Table (state after printing without heat treatment):

Maraging M30017-4P HH13
Hardness (HRC)383251
Young’s modulus (GPa)152187168
Tensile strength (MPa)11159951565

One of the main applications of H13 tool steel for DMLM 3D printing technology is the creation of injection molds with conformal cooling. The cooling time accounts for as much as 70% of the cycle time in injection molding. 3D printing allows for the production of conformal tooling, which reduces the cooling time by up to 30%, thus significantly reducing the total cycle time. Even temperature distribution throughout the mold and faster cooling of the mold minimize defective parts and ensure higher part quality due to less warping and lower internal stresses.

DMLM 3D printing enables the design of conformal cooling channels and temperature-inaccessible functions as well as unique structures such as spiral cooling channels on tool bodies and small diameter channels.

The cooling channels form a mesh structure that allows the surface of the glass insert to cool evenly, just 2 to 3 mm below the mold contour.

GE Additive M2 SERIES 5

The M2 Series 5 is designed to meet the most critical requirements of the highly regulated aerospace industry. Thanks to the use of 3D optics, it is possible to obtain a variable size of the laser spot. This allows for accurate execution of details and increased productivity.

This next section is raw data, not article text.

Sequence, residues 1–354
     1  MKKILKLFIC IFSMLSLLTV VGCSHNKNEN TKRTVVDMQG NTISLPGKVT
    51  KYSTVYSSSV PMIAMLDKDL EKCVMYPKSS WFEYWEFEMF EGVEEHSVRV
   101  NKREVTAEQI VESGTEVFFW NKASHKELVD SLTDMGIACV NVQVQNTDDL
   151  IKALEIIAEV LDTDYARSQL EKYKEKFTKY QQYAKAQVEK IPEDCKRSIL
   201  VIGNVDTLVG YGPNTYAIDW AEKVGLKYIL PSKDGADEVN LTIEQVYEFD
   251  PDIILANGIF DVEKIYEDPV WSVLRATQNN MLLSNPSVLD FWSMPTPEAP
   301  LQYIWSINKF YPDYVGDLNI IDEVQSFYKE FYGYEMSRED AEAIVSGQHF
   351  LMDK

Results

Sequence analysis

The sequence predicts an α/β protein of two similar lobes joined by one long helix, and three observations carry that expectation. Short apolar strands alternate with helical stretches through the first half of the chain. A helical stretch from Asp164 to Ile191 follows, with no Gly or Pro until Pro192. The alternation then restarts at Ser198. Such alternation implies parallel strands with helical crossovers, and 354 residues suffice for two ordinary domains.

• Build volume: 245 x 245 x 350 mm (XYZ)
  • Lasers: 2×400 W oraz 2x 1 kW
  • Materials:
    • Steel (316L, Maraging M300, H13)
    • Aluminium (AlSi7Mg, AlSi10Mg, A205)
    • Titan (Ti6Al4V, Ti6242)
    • Nickiel (625, 718)
    • Cobalt CoCrMo

Electron Beam Melting (EBM)

One of the most promising techniques in the field of metal additive manufacturing is electron beam melting (EBM). Currently, this technology is mainly used to produce high-performance titanium-based alloy components for the aerospace and medical industries. Among the industrial applications foreseen for EBM in the near future, the production of high-carbon steels for the tool industry, such as Cr-Mo-V, is of great interest.

The EBM process uses a high-power electron beam that generates the energy needed to melt the material quickly. The hot process produces parts without residual stresses and the vacuum ensures a clean and controlled environment. EBM is a hot process, meaning that the electron beam heats each successive layer until the entire powder bed reaches the optimum process temperature specific to the material used. As a result, this process produces components without residual stresses and generates microstructures free of martensitic structures.